NAIROBI, 8 November 2019 - World leaders, civil society and private sector gathering in Kenya to commit to actions for ending maternal death, meeting demand for contraceptives and protecting women and girls from violence by 2030
Actions to save mothers' lives, meet the global demand for contraception and stop violence against women and girls by 2030 are the primary focus of a three-day global summit that takes place in Nairobi, Kenya, from 12-14 November 2019.
The Nairobi Summit on ICPD25 is happening 25 years after the groundbreaking International Conference on Population and Development, or ICPD, in Cairo where 179 governments unanimously called for the empowerment of women and girls in all spheres of their lives, including sexual and reproductive health and reproductive rights.
At the Nairobi Summit, top government officials, including heads of state, parliamentarians and representatives from non-governmental and civil society organisations will announce financial and programmatic commitments, policies and other initiatives with a view to achieving all the goals laid out in the Programme of Action stemming from the ICPD in 1994.
According to Mabingué Ngom, UNFPA Regional Director for West and Central Africa, "this year's celebration of UNFPA's 50th anniversary and ICPD's 25th anniversary represents a unique opportunity for the international community to build on the framework proposed by the ICPD and to fully commit to a visionary agenda on sexual and reproductive health and rights, leaving no one behind".
Today, an estimated 232 million women want to prevent pregnancy but are not using modern contraception. Each day, more than 800 women die from preventable causes during pregnancy and childbirth, that's about 80,000 women each year in the Asia and the Pacific region alone. Each day, an estimated 33,000 girls are forced into marriage. And every year, more than 4 million girls are subjected to female genital mutilation.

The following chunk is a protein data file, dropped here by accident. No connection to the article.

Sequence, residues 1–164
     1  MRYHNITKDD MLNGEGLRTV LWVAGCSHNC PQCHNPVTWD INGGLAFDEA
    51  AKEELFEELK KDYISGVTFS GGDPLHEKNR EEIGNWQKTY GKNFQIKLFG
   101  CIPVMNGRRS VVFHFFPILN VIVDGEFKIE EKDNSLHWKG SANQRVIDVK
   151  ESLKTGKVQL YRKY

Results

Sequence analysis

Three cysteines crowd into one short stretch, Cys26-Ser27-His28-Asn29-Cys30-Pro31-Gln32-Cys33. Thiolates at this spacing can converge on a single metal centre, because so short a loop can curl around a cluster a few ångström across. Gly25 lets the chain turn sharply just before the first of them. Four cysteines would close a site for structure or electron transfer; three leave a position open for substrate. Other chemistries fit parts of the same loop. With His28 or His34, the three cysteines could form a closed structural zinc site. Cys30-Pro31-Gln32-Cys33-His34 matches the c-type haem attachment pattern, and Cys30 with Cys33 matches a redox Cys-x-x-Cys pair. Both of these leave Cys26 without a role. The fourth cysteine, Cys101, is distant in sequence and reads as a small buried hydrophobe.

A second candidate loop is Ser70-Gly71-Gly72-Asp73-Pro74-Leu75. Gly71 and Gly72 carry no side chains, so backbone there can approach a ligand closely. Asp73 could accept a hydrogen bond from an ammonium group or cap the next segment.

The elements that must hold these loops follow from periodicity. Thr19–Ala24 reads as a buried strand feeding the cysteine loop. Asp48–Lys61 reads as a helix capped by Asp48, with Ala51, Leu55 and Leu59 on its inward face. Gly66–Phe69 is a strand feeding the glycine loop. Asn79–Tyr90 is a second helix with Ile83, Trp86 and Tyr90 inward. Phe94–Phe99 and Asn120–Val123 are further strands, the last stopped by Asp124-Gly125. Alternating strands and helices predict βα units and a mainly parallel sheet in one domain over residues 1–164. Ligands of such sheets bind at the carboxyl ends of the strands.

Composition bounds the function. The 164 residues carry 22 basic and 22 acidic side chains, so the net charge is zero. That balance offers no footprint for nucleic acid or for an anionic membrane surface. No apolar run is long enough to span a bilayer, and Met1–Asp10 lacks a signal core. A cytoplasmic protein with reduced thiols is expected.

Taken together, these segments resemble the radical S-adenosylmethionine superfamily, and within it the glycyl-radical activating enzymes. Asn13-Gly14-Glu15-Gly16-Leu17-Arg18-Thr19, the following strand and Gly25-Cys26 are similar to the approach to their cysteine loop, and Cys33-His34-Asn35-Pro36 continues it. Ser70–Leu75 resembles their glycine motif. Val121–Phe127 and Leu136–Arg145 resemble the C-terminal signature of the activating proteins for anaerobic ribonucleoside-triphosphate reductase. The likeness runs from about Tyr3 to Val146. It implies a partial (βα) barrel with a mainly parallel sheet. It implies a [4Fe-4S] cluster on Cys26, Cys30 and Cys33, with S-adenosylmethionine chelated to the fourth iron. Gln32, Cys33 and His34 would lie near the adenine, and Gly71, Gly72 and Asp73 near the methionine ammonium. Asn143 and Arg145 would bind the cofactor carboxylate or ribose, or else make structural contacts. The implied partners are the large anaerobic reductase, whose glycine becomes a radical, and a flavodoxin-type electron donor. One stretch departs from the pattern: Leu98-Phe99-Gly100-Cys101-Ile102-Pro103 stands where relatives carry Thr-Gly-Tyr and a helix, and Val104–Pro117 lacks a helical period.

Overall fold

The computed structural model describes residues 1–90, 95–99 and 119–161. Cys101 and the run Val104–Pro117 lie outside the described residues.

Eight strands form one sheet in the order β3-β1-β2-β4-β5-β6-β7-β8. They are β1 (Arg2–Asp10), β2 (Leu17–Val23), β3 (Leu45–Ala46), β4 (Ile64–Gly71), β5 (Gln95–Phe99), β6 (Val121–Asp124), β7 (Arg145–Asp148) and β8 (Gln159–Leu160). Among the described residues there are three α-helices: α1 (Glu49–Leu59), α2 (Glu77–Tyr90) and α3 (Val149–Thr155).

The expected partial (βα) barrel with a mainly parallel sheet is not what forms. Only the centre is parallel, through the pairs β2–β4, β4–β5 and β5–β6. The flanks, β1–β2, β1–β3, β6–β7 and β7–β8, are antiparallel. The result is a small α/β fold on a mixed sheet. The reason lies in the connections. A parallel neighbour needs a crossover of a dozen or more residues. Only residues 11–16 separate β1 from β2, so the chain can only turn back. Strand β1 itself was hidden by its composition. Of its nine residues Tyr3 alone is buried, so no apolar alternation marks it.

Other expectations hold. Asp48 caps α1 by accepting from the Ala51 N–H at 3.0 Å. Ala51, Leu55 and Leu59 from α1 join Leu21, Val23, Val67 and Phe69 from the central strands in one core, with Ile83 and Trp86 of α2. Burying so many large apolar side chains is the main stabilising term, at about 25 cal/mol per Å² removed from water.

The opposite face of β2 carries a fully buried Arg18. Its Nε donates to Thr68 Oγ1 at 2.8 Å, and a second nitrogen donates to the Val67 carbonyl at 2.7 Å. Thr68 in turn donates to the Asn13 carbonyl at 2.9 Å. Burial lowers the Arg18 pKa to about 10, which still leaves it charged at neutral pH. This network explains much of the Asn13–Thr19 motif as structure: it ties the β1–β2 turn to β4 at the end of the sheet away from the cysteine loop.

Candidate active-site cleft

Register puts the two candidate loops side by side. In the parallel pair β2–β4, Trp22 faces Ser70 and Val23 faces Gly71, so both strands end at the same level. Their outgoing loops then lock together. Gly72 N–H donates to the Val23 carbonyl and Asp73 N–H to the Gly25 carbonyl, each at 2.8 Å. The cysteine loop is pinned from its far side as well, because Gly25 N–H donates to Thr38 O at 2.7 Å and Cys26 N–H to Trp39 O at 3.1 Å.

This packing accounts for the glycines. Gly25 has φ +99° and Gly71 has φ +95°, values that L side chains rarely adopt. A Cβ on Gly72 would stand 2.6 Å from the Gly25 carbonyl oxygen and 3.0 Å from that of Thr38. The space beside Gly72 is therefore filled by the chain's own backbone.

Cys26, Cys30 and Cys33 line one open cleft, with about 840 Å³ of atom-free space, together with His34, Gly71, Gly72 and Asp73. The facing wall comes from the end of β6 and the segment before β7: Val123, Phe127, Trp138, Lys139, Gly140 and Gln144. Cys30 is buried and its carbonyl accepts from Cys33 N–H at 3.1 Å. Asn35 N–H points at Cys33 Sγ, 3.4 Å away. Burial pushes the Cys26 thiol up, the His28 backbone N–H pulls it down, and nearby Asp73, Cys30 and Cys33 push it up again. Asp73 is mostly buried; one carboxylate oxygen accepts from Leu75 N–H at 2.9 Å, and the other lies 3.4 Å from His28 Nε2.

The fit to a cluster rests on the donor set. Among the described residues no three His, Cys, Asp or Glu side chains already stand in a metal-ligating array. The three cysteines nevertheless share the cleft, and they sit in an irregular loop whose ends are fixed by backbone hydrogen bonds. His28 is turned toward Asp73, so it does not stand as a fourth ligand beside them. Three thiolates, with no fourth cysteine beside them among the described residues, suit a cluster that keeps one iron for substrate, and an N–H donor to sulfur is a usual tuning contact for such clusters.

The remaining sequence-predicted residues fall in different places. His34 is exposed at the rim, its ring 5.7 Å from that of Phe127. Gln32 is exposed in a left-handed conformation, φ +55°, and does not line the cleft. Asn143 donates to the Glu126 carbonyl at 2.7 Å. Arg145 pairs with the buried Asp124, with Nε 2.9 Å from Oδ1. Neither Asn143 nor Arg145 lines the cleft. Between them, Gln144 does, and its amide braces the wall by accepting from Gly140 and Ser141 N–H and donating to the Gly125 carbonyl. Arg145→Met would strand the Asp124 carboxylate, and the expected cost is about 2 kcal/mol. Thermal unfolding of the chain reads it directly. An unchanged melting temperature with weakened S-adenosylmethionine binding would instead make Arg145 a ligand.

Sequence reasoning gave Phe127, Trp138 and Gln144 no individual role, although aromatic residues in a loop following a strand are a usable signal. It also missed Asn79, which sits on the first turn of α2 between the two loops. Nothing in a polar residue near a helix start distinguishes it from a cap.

The Summit is bringing together an unusually diverse group of people including top government officials, thought-leaders, technical experts, religious leaders, activists and community organizers, young people, business leaders, indigenous peoples, international financial institutions, people with disabilities, academics and many others committed to sexual and reproductive health and rights, as well as media partners.
Five main issues are the focus in Nairobi: sexual and reproductive health as part of universal health coverage; the funding required to realize all goals of the ICPD's Programme of Action; demographic diversity and its power to drive economic growth and sustainable development; measures to end gender-based violence and harmful practices against women and girls; and the right to sexual and reproductive health care, even in humanitarian and fragile contexts.
Discussions in Nairobi will also highlight the absolute necessity and the power of gender equality, youth leadership, political and community leadership, innovation and data, and partnerships to accelerate change – recognising that without achieving ICPD the world will not achieve the Sustainable Development Goals that underpin the 2030 Agenda.
The governments of Kenya and Denmark along with the United Nations Population Fund, UNFPA, are co-convening the summit, which is also receiving financial or in-kind support from other governments and private partner organizations.
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